If the humour was dark, so was the mood.
In Luke Alfred’s book When the Lions Came to Town, Morne du Plessis tells of sitting in the Springbok bus at Loftus Versfeld before the second Test and noticing that the Lions were singing while the Bok bus was tjoepstil.
‘Our bus was a funeral procession. You wouldn’t have dared crack a smile. They were happy and singing and I thought to myself, “There has to be more to rugby than this.”’
If they were grumpy then, who knows how they felt after the 28-9 belting.
The mood was bleak and continued through the tour, which concluded at Ellis Park. There was no respite. Naartjie sellers were banned and fans had to live with the cold reality of having no ammunition.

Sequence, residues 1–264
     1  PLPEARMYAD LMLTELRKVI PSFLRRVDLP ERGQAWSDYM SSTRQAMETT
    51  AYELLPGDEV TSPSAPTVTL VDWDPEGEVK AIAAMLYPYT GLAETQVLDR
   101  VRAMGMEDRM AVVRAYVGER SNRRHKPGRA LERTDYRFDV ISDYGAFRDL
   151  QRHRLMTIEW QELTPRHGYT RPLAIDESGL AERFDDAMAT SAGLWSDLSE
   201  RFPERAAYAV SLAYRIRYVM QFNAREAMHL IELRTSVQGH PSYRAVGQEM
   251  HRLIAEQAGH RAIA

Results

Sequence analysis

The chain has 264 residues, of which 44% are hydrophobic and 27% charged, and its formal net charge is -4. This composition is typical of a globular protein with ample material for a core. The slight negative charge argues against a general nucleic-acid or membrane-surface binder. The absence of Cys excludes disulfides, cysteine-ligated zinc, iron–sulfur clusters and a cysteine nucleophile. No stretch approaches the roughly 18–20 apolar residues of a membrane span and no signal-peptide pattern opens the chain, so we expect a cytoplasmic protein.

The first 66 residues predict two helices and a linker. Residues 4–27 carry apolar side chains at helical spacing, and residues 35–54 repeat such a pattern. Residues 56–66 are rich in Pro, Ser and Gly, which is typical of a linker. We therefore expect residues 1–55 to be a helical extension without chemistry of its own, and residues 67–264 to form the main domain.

Six years later, the Boks were in better fettle when Bill Beaumont’s Lions arrived.
‘It was massive,’ recalled Ray Mordt, the powerful wing who played in all four Tests.
‘It was still the days of apartheid and the game was white and Afrikaans. Rugby was everything to the Afrikaners,’ said the Rhodesian-born powerhouse, who couldn’t speak the language.
‘We lost terribly in ’74 and I remember listening on the radio – we had no TV in Rhodesia. Six years later, there I was. It was a dream story, something huge. It was the second-biggest game you could have, after the All Blacks.’
He said the Boks were on to something good: Morne du Plessis was an ‘incredible’ captain; the Naas Botha era was starting and Gysie Pienaar was in his pomp.